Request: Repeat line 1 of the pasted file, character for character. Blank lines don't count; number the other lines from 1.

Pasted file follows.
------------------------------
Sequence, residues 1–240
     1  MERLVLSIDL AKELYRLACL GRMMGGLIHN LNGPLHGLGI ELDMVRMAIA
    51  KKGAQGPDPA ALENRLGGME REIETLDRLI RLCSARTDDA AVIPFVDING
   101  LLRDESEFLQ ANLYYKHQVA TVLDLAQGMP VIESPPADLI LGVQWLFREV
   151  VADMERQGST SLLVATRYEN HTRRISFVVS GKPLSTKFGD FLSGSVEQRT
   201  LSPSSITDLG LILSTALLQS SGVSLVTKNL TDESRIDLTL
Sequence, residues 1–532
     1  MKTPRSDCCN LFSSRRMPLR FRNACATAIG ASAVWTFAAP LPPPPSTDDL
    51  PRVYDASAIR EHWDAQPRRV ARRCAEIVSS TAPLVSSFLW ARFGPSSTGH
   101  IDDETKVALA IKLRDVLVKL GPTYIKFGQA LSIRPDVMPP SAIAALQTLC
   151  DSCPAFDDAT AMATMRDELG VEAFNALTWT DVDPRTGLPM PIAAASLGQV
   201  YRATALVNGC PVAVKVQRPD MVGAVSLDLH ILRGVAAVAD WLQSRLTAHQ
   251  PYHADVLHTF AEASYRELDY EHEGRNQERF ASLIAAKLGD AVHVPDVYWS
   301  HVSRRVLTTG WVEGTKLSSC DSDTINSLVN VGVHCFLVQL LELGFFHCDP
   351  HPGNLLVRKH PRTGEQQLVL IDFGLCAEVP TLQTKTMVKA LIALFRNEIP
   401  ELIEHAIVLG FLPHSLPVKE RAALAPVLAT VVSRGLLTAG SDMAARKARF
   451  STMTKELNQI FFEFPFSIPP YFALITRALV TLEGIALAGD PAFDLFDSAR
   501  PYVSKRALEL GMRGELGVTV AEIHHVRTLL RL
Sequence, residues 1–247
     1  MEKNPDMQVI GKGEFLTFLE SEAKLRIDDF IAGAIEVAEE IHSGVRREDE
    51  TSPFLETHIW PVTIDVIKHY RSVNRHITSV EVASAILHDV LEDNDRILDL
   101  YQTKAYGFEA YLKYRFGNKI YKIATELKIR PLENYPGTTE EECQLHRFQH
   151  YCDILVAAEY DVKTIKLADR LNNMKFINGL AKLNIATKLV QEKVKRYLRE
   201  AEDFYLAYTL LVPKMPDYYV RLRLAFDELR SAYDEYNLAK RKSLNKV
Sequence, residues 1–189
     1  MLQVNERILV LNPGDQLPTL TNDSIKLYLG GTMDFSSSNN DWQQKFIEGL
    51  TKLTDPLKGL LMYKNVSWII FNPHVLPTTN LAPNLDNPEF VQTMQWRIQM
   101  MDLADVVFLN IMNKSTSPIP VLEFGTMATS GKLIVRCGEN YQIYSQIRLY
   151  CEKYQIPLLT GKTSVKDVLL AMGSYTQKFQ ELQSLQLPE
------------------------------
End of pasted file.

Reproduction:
Sequence, residues 1–240